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   All research indicates that excess sugar in the diet is unhealthy, increasing one’s risk of type 2 diabetes, heart disease, and obesity. For instance, a recent study disclosed that people who got 17 to 21 percent of their calories from added sugars had a 38% higher risk of dying from cardiovascular disease than those who kept their intake of sugar at or below 8%. Results of this type have prompted the American Heart Association to recommend that sugar intake be kept in this latter range, amounting to a daily intake in women of to more than 6 teaspoons (24 gms) daily, and in men, 9 teaspoons (36 gms).

But at this time, achieving these targets is challenging. For example a frozen stir-fry dinner can contain the same amount of sugar as 16 gummi bears (5 teaspoons). Or even whole-wheat bread can have almost a teaspoon of sugar per slice. As a matter of fact, food companies add sugar to almost three-quarters of all packaged products, including nutritious-sounding items such as instant oatmeal and peanut butter, or even into apparently “unsweetened” items such as tomato sauce and crackers.

Some Guidelines

 In general, the sugars found in dairy products and fruits such as sweet potatoes and beets come in small doses and are packaged with fiber, protein, vitamins, and minerals and they don’t affect one’s blood sugar greatly, and, when consumed in moderation, they are not of great concern.

The main challenge, however, is to try to avoid those unnecessary added sugars.  Usually nutrition facts on labels designate added and naturally occurring sugars together under “total sugars.”  But, unfortunately, the amount of undesirable added sugar is usually not clearly indicated. In the effort to ease this burden, the FDA has proposed that added sugars have their own line on food label, similar to the way total fat and saturated fat are listed separately. This should also include the percent contributing to the total daily limit. But until food labels change, we can make some suggestions: 1) Know the code words for sugar. Ingredients on the list that end in “ose”, i.e., fructose, maltose, and sucrose, are added sugars that should be minimized or avoided. Even healthier-sounding sugars such as brown rice syrup or honey aren’t any better than other types. 2) Scan the entire ingredients list. Since ingredients are usually listed in order of weight, the higher up a substance is, the more sugar it is likely to contain. But many manufacturers use more than one type of sugar in a product, allowing them to list them separately, leading to the false impression that a food possesses less sugar than it actually contains. 3) Compare nutrition labels.  Find the “plain” version of foods such as yogurt or oatmeal and compare the nutrition facts label against the same brand’s sweetened versions. The difference in the amount of sugar between the two products is almost always added sugar. So, instead of purchasing the “sweetened” version, opt for the plain version and, for sweetness, add fresh fruit.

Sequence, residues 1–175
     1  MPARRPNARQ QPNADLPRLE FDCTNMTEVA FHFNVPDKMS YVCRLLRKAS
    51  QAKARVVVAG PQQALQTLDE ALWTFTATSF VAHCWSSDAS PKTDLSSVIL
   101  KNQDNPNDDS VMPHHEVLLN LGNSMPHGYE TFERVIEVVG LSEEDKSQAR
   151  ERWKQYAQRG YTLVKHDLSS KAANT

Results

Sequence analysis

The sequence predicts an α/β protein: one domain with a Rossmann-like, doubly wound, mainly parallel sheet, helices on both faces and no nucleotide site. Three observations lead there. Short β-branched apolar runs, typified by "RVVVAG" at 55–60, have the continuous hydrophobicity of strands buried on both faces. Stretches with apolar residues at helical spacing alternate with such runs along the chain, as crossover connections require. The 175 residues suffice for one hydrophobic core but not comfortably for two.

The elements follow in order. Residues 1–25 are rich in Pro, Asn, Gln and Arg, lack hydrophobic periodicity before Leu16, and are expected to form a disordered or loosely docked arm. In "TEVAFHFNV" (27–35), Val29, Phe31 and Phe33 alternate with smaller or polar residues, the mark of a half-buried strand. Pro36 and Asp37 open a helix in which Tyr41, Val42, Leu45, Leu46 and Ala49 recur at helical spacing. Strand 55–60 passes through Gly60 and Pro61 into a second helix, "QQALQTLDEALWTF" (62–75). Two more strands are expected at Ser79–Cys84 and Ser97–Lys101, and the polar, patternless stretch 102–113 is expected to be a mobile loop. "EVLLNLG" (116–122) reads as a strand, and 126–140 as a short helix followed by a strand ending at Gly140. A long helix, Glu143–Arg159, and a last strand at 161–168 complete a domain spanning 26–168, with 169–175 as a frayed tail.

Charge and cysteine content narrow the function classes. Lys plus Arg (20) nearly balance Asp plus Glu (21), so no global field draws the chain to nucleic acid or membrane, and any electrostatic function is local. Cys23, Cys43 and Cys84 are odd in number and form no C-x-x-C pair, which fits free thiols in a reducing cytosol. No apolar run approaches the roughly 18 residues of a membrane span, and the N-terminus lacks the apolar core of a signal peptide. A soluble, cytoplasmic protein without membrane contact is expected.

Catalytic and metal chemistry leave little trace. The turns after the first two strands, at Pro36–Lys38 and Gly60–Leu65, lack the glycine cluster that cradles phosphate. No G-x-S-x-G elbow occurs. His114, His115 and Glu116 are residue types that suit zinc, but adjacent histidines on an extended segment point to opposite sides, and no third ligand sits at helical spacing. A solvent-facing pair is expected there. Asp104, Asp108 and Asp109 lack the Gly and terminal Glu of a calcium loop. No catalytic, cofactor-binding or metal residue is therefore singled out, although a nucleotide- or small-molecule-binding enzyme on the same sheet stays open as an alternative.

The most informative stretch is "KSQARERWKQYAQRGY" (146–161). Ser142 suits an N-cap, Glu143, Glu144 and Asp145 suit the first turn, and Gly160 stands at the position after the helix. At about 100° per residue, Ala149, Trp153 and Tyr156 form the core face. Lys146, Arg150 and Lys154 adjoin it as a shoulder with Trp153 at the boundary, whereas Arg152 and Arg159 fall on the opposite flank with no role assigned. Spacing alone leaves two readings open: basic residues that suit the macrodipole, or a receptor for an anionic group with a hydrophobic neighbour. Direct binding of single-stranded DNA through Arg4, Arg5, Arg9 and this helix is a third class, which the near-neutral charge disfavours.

For more information and a general lowdown on the best and worst natural sugars, the reader should consult the Consumer Reports website: ConsumerReports.org/naturalsugar2015.